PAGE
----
Really understood how to do surveys, taught, taught classes on it and that kind of stuff. And I learned a ton about doing surveys. I mean, short short is nice. There are times where it's appropriate for open-ended questions, there's times where it's not appropriate for. And and there's a whole science behind this.
If you want to get feedback, isn't just a simple. Hey, short, short surveys is the best survey. But there, there is a way of, I tell you, we, we parsed the words in the question over and over again, before we sent that survey out, it was like, well, if you ask it this way, you're going to get this kind of response.
Is that the kind of responsibility I'm like, no, no, I want this kind of response. Like, well then you have to change these words to say this. Wow. So you can see how surveys can really steer the response. You really have to think through the wording where it's delivered, how it's delivered. There's a whole aspect of that.
And I don't want to keep saying we should bring in professionals, but I don't know. Maybe I'll find somebody and interview them on putting together. Good, good surveys.
Turbines are really, really hard. We've done a lot of them in our work here in, our research. And I always think I'm asking one question. I speak to the professionals because we do work with professionals on those. and I always ended up changing the question that I'm asking based on their advice.
It's amazing. So last couple of minutes here. What's what's top of mind, what's going on? What's going on in your world?
Oh gosh. I think that the world is, is, is changing a lot right now. And I think if you are. Standing still, you're going to get past, I think the economy has really shifted dramatically right now. I think in the last. 90 days we've seen some big shifts. So I, I know everybody's thinking differently. We were, everybody was very worried before about hiring and hiring and hiring.
And I think everybody's starting to sit back a little bit too. So it's, it's funny to see sort of the super overheated economy now towards, well, we're starting to trend towards some recessions. And so there's a lot of rethinking of how. Organizations are purchasing how they're going to the cloud, how they're instituting different technologies.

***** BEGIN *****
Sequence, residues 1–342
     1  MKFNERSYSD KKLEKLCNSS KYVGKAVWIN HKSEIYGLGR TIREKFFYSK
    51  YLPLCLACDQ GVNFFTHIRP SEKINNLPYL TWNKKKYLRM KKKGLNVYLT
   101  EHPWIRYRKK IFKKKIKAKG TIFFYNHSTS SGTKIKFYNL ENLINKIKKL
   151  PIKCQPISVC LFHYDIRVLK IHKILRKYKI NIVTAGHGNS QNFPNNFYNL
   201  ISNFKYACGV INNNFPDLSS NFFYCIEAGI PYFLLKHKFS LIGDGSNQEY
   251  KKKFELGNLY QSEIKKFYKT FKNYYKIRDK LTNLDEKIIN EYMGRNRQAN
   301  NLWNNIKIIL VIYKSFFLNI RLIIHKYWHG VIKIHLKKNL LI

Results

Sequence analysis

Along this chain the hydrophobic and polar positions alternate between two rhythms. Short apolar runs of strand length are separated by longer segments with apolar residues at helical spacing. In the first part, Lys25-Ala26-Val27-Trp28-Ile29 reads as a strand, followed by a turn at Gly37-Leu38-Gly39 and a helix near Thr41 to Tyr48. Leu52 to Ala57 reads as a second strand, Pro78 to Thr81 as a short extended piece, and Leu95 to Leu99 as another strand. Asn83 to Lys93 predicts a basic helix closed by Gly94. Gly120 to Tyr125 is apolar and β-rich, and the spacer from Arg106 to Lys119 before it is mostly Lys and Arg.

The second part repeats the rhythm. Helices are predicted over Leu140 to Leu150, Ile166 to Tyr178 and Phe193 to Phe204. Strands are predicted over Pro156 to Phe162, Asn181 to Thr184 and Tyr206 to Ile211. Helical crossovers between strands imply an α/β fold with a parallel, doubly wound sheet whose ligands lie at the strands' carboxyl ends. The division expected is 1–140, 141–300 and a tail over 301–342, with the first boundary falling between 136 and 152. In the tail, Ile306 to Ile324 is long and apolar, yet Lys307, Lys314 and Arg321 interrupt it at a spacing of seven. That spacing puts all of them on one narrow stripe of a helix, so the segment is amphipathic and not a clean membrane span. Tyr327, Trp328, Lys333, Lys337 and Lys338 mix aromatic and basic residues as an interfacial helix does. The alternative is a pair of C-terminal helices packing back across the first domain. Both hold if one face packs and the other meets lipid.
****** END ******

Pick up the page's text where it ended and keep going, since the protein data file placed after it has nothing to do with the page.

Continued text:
I think people are still looking for ways to automate And I think that's really important. So then working with a lot of organizations on how do we overcome all of these different, almost head snapping changes that have occurred in the last year, because as well as I do in healthcare, it, we don't see.
Processes or, or buying cycles and then finish them in a couple of months, they happen over a period of 12 to 18 months. And so to have these kinds of big shifts has been, has been quite challenging, I think for a lot of organizations in, in their planning.
Yeah. It's interesting. Over the last week or so I've heard of a fair number of organizations that are not slowing down hiring, but actually doing some reductions. And I was like, wow, that's the first time I've heard that. And then the other thing is I'm talking to my team. So I'm an economist. By training. Right? So I have my economics degree and I read a lot of books on economics and that kind of stuff.
And I'm looking at this, I'm going like we're already in a recession. We'll wait until the numbers actually say we're in a recession, but we're already in a recession. And there's, there's so many factors that are going into it. But at the end of the day this is where we're heading. We have supply chain issues.